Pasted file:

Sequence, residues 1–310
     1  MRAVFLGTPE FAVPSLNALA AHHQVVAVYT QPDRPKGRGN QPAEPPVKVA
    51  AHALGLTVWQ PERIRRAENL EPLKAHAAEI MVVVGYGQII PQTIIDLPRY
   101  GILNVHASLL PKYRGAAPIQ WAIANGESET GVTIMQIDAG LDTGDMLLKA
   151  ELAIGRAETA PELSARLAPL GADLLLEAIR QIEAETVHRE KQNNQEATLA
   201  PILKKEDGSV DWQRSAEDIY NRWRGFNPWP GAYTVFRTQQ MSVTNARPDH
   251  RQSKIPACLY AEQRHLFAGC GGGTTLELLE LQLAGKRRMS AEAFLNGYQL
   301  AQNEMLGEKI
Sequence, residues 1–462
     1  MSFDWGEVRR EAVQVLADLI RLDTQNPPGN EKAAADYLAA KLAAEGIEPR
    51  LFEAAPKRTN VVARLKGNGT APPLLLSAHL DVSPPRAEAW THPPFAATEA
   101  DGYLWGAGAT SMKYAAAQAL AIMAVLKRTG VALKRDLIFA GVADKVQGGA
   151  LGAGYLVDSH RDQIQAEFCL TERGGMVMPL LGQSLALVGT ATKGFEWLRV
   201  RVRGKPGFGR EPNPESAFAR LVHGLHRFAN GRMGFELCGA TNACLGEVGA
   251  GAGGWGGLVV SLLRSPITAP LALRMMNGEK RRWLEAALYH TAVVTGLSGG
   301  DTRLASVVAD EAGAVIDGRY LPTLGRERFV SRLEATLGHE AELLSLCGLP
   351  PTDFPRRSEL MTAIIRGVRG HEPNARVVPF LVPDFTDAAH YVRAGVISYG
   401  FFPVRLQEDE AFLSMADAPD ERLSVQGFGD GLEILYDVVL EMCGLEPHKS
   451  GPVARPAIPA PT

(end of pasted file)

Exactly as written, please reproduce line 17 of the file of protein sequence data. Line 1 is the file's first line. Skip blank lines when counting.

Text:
   351  PTDFPRRSEL MTAIIRGVRG HEPNARVVPF LVPDFTDAAH YVRAGVISYG